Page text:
by Larry Nichols, LGBT History Project

Author Robert Fieseler’s new book, “Tinderbox: The Untold Story of the Up Stairs Lounge Fire and the Rise of Gay Liberation,” dives deep into the events leading up to and the aftermath of the Up Stairs Lounge Fire, a tragic and unsolved arson that claimed the lives of 31 men and one woman on June 24, 1973, the largest mass murder of gays until the Pulse Nightclub shooting in 2016.

The tragedy went largely ignored until the mid-2000s for reasons the book explores in great detail. Philadelphia Gay News (PGN) spoke to Fieseler about the insights about the era he was able to uncover in the writing and documentation of this important piece of LGBTQ History.

PGN: Why did a tragedy of the scale of the Up Stairs Lounge fire go forgotten and unrecognized for what it was for so long?

RF: The Up Stairs Lounge fire was swept under the rug during its era, which was 1973, primarily due to straight constituencies and then closeted gay constituencies in New Orleans being uninterested in any kind of mass reporting of a large-scale tragedy involving gay men. This was a period of time when homosexuality was almost a taboo topic in the New Orleans media and the national mainstream media. It would really raise eyebrows if you were to report anything involving the homosexual community that wasn’t about arrests or anything of the like. It was the deadliest fire in New Orleans history, 32 deaths. It was initially presumed to be an amazing story. It was front page news for a few days. Then when it became clear who had burned and the nature of the location that had burned, that these were homosexuals that burned in a homosexual bar, then the stories dried up. It was a time period where people weren’t quite ready to discuss anything on the level of a gay tragedy.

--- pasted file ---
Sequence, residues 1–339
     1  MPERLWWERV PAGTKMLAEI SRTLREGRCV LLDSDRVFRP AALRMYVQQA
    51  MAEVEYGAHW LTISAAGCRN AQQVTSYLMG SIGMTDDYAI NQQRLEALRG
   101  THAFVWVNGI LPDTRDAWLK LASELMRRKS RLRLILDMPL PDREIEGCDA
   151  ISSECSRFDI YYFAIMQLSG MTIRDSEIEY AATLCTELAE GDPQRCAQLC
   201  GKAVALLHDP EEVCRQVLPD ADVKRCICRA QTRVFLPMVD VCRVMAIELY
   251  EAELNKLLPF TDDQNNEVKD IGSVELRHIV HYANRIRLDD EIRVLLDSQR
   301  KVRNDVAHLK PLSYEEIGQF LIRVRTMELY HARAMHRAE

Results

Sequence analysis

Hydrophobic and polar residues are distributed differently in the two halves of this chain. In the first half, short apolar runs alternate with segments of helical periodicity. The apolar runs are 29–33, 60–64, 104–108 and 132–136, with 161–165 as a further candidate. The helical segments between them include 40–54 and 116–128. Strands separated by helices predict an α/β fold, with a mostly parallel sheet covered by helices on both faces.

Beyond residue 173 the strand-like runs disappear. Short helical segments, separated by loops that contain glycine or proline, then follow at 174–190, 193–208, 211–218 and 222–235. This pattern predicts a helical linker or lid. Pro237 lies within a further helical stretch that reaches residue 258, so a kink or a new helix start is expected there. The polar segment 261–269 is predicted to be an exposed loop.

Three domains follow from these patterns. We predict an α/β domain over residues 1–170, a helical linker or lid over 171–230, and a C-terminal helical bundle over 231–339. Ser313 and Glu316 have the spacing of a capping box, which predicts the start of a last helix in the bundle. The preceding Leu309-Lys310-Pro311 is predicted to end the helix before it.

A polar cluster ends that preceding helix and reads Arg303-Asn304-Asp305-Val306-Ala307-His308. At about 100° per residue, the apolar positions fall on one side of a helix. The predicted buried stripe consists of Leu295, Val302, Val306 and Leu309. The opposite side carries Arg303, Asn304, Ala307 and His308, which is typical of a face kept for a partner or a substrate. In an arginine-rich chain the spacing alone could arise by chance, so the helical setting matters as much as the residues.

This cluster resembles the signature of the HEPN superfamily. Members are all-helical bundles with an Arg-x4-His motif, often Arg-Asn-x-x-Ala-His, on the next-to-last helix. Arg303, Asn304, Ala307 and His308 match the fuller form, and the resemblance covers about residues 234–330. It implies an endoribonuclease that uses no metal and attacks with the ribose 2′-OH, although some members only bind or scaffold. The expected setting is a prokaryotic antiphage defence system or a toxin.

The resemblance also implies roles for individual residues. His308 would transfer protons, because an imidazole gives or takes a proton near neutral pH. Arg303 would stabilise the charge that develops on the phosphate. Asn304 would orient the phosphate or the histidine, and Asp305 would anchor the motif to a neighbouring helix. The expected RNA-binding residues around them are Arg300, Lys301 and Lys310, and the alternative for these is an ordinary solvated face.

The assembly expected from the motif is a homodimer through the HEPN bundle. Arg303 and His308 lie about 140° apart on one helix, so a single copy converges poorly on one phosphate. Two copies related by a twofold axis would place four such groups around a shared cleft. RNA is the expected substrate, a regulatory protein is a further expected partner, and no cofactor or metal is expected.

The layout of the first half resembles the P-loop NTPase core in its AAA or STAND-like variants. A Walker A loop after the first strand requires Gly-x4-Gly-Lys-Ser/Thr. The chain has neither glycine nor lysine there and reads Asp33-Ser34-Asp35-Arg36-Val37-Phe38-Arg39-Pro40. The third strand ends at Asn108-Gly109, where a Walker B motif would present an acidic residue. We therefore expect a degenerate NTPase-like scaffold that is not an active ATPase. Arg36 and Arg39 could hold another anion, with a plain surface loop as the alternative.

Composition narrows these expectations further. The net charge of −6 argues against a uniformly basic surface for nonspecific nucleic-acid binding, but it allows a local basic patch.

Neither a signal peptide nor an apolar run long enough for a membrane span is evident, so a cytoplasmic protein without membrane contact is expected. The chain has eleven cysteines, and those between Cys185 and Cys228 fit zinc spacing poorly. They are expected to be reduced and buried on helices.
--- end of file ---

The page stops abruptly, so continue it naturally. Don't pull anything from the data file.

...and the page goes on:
PGN: What do you think the younger generation can take away from reading this book?

RF: The dominant social institution governing LGBT life was the closet. It would be difficult to understand that the closet succeeded in shunting something under the rug so successfully from the context of a society where the closet still ruled. Whereas in the 21st Century you can get to the decriminalization of sodomy, it started to speak more to an open society that was increasingly curious about the mysterious deadly event that occurred in New Orleans. New Orleans has a wonderful storytelling culture, and New Orleans is fascinated with stories about itself. There were always these rumors about it, but it wasn’t until the 21st Century that serious scholarship started to be published about it. From there it started to build on itself. There were news articles and books and documentaries. It’s a shocking and tragic event in its own right. We’re 15 years removed from Laurence v. Texas in 2003, when the Supreme Court struck down sodomy laws and decriminalized homosexuality, people are more interested in looking at the cause of the social institution and the Up Stairs Lounge fire is a really powerful way to look at the what the closet was in American society and how it governed lives.

PGN: Do you think that people will see any parallels between New Orleans circa 1973 and America in 2018?

RF: This alternate gay tragedy which occurred in the past seemed to give the Pulse Nightclub shooting some kind of context. It really did succeed in a surprising way to bring this decades-old history to the forefront. In a strange way the Up Stairs Lounge fire was seen as an antecedent or some kind of parallel event. They’re not exact mirrors of each other. They share some similarities, and they diverge greatly in others. Those two events seem to comment on each other, especially in the eyes of the public in the days and weeks that followed Pulse.

PGN: What inspired you to write a book about this forgotten piece of history?

RF: I’m a subculture reporter usually. I cover marginalized groups and overlooked people that make the world better for themselves. I’ve covered the subculture of canner in New York. I’ve covered ghost hunters and their long campaign of their attempts to reach some sort of legitimacy in their craft. I’m a queer person, and I’m fascinated by human rights and civil rights. I was looking for years for a subject in gay rights that has all the levels of complexity where I could delve into the dynamics of the closet of the times. That’s what drew me to the Up Stairs Lounge fire. It’s a crime that continues to be unsolved. I wanted to try and tell a story that helped me understand and to help LGBTQ youth and allies to understand what it was like to live in those times where you had to hide yourself on a practical daily basis. What it was like to make a shift to live without undue strain in a very oppressive world. And this was a story that took me down those dark avenues.